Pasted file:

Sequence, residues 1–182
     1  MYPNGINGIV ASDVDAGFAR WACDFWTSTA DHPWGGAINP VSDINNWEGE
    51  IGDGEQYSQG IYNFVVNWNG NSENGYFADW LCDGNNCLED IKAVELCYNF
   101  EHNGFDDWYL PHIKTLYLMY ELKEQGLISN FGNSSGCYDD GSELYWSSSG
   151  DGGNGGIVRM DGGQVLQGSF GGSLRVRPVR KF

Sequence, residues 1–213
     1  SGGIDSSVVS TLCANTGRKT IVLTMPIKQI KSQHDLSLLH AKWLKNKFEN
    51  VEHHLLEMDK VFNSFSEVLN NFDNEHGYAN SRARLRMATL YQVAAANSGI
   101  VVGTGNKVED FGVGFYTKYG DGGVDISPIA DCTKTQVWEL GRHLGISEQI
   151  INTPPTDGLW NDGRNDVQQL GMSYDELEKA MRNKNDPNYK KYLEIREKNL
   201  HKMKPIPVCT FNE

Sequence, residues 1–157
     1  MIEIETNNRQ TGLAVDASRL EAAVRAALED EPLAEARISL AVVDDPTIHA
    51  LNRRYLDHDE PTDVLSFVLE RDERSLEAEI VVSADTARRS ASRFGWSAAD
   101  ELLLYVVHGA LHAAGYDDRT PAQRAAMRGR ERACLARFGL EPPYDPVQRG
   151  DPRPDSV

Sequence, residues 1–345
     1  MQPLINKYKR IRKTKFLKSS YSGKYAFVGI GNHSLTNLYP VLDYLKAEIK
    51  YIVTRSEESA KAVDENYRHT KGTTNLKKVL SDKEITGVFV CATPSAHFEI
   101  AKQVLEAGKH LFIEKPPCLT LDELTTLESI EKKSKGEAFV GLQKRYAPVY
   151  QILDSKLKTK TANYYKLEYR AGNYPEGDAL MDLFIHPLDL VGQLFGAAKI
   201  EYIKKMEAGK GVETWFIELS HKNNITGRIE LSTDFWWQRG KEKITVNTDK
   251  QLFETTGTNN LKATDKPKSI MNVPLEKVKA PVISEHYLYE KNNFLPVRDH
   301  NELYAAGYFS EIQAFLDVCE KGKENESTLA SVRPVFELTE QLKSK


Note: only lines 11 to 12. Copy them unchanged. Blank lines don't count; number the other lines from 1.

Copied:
   201  HKMKPIPVCT FNE

Sequence, residues 1–157